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Thread: How to Haiku 1: what is not a haiku

  1. #1

    How to Haiku 1: what is not a haiku

    I canít speak for other languages, but haiku poetry taught at school in English is almost universally bad. The basic instruction that my thirteen year-old daughter recently received, was that a haiku is a three line Japanese poem comprising seventeen syllables in lines of five, seven and five syllables respectively.

    If you are lucky you might get told that it is usually about nature and our relationship with the natural world.

    Is this incorrect? Well, not totally but it focusses the attention in completely the wrong direction and misses out several important factors.

    It is true that in Japanese, a count of seventeen sound units (morae) are employed in a three-line sequence. However, an English syllable tends to be longer than a Japanese sound unit so English Language Haiku (ELH) written in seventeen syllables often to feel baggy and too long compared to their Japanese equivalents. Moreover, most people writing haiku with the 5-7-5 structure in mind pay far more attention to getting the right number of syllables than forming a good poem. Few modern day ELH poets write in 5-7-5. Some do. Most bad haiku on the internet are written in 5-7-5. The syllable count is often achieved by adding adjectives until the magic seventeen is reached.

    The three line structure is also not a good way to think about haiku. It is better understood as a poem of two parts Ė a phrase (two lines usually containing a verb) and a fragment (one line). This can either be fragment-phrase or phrase-fragment. More about this later.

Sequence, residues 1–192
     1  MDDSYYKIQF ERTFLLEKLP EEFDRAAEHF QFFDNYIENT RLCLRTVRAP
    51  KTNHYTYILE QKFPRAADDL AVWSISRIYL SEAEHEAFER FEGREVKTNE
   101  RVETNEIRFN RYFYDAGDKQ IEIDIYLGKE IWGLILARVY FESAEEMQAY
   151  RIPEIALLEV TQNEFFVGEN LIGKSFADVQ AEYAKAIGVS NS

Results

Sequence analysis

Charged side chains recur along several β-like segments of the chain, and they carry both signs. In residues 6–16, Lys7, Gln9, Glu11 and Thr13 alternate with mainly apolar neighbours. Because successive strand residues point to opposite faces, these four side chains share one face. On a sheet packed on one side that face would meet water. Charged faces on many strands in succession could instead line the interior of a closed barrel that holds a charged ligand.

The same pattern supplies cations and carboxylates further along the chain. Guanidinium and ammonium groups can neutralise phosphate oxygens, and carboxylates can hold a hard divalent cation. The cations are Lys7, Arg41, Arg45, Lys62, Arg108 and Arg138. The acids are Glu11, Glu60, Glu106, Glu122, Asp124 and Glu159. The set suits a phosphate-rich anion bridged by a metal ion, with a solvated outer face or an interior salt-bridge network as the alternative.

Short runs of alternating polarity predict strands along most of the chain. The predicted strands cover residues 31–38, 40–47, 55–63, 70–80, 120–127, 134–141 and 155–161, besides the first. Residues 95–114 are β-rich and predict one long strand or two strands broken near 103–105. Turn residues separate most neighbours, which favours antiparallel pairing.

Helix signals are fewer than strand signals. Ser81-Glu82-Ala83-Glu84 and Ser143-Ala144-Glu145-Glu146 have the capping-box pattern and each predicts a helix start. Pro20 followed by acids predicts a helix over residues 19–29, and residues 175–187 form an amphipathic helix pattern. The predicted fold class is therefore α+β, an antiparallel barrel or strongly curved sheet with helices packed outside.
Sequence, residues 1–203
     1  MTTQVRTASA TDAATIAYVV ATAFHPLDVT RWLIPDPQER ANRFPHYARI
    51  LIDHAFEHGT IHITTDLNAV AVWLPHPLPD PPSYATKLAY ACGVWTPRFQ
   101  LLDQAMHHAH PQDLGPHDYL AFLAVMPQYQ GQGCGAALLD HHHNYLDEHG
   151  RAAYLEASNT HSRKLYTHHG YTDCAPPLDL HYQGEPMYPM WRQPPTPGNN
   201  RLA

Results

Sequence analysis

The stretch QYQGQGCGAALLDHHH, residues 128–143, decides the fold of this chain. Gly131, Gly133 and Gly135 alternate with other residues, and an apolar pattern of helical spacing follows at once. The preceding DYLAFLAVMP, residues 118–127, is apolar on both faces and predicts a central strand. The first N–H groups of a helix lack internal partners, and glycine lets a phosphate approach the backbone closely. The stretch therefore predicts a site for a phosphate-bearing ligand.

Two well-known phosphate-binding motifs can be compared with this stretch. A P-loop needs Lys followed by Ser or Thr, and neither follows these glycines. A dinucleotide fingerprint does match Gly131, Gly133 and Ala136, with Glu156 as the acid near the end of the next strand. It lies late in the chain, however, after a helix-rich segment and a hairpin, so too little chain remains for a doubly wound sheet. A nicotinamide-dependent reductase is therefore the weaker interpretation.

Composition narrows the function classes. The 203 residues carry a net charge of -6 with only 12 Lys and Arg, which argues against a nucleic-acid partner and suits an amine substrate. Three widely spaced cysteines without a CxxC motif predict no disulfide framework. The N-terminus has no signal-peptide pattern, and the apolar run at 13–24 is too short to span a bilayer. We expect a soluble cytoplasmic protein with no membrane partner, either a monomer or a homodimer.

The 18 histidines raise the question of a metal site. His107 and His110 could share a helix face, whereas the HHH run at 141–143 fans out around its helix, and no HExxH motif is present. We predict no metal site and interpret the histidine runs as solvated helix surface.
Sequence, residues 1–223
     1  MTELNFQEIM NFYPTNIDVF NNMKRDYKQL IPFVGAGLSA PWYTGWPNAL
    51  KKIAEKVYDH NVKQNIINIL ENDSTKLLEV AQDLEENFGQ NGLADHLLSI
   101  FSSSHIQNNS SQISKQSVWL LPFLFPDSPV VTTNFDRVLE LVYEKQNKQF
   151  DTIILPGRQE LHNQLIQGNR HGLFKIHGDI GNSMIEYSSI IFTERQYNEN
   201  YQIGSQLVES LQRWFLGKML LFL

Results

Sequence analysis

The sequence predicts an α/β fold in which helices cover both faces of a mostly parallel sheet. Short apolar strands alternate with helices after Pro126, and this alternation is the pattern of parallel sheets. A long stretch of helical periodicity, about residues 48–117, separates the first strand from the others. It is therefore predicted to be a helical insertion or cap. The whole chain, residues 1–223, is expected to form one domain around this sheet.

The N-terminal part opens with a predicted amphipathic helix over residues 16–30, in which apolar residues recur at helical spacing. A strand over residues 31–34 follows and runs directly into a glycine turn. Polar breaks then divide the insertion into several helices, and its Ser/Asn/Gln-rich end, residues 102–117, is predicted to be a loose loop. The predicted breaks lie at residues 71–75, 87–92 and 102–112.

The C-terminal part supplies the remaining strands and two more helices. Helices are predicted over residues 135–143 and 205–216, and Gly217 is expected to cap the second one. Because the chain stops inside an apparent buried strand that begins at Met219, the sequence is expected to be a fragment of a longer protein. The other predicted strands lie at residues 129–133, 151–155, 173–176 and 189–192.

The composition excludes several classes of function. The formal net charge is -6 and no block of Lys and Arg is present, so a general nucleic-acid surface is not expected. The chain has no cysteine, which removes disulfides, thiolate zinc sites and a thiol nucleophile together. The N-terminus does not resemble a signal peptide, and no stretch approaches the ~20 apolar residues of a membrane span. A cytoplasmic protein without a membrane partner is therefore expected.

A haiku also isnít a bunch of ideas and concepts. It is essentially a form based on images, often coming from nature. You can include concepts as well as images but just concepts is too heady and not visual enough.

    Important note- the plural of haiku is haiku!
    ------------------------------------
    Feel free to message me if you wish to talk about issues around practicing with physical limitations. This is something I have been sitting with for a fair while and am happy to help with suggestions or just offer a listening ear.

  2. #2


    Gassho, Shinshi

    SaT-LaH
    空道 心志 Kudo Shinshi
    I am just a priest-in-training, any resemblance between what I post and actual teachings is purely coincidental.

  3. #3


    Washin
    sattoday
    Kaido (有道) Every Way
    Washin (和信) Harmony Trust
    ----
    I am a novice priest-in-training. Anything what I say must not be considered as teaching
    and should be taken with a 'grain of salt'.

  4. #4
    Member Hoseki's Avatar
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    Hoseki
    Sattoday

  5. #5
    Quote Originally Posted by Kokuu View Post
    I can’t speak for other languages, but haiku poetry taught at school in English is almost universally bad. The basic instruction that my thirteen year-old daughter recently received, was that a haiku is a three line Japanese poem comprising seventeen syllables in lines of five, seven and five syllables respectively.